|41st Attorney General of Illinois|
January 13, 2003
|Preceded by||Jim Ryan|
|Member of the Illinois Senate
from the 17th district
January 13, 1999 – January 7, 2003
|Preceded by||Bruce Farley|
|Succeeded by||Constituency abolished|
July 30, 1966 |
Chicago, Illinois, U.S.
|Alma mater||Georgetown University
Loyola University, Chicago
Lisa Madigan (born July 30, 1966) has been the 41st Attorney General of the US state of Illinois since 2003, when she became the first female attorney general for Illinois. She is a Democrat and the daughter of Michael Madigan, who has been Speaker of the Illinois House of Representatives for most of the last quarter century.
On December 12, 2008, she attracted national attention after filing a motion with the Supreme Court of Illinois to temporarily remove Governor Rod Blagojevich from office. The motion was subsequently denied by the court without a hearing, and Blagojevich was subsequently impeached and removed from office by the Illinois General Assembly.
Madigan attended The Latin School of Chicago for her secondary education, and received her bachelor's degree from Georgetown University in 1988. She received her Juris Doctor (J.D.) from Loyola University Chicago School of Law.
Prior to becoming an attorney, she was a teacher and community organizer, developing after-school programs to help keep kids involved in education and away from drugs and gangs. Madigan also volunteered as a high school teacher in South Africa during apartheid. Madigan later worked as a litigator for the Chicago law firm of Sachnoff & Weaver.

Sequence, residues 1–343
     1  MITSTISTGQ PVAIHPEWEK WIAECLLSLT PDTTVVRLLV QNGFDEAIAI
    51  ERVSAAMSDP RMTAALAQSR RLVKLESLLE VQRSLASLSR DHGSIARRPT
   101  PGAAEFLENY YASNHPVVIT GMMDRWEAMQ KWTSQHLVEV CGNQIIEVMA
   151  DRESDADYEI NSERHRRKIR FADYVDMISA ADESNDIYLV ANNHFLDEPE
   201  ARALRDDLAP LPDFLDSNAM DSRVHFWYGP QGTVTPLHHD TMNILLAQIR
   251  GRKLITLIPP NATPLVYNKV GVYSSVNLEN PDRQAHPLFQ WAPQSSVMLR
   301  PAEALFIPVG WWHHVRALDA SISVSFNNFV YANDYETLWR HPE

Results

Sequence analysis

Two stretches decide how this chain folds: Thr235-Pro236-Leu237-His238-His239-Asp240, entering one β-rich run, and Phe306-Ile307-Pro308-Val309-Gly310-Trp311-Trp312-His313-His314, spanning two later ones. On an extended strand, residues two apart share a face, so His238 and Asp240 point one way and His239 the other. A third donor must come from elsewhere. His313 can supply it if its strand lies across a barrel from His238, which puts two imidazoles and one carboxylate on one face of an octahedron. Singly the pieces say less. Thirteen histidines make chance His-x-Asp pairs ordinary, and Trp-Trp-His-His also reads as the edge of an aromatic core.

Madigan was an Illinois Senator from 1998 through 2002, during which time she worked down the hall from Barack Obama. In 2002 she ran for Attorney General of Illinois and narrowly defeated Joe Birkett with 50.4% of the vote. In 2006 she was re-elected with 72.4% of the vote against Tazewell County State's Attorney Stewart "Stu" Umholtz.
Notably, Madigan became the first Illinois Attorney General in over 25 years to personally argue a case before the United States Supreme Court. In 2004, she successfully argued Illinois v. Caballes, where the court reaffirmed the ability of police officers to use specially trained dogs without a search warrant or probable cause to detect the presence of illegal drugs during traffic stops.
In 2002, Madigan received a $25,000 donation from a black metal musician Andrew Harris. When Harris's relation to the black metal band Judas Iscariot came to light, Madigan agreed to donate the money to anti-hate groups, according to the Chicago Tribune.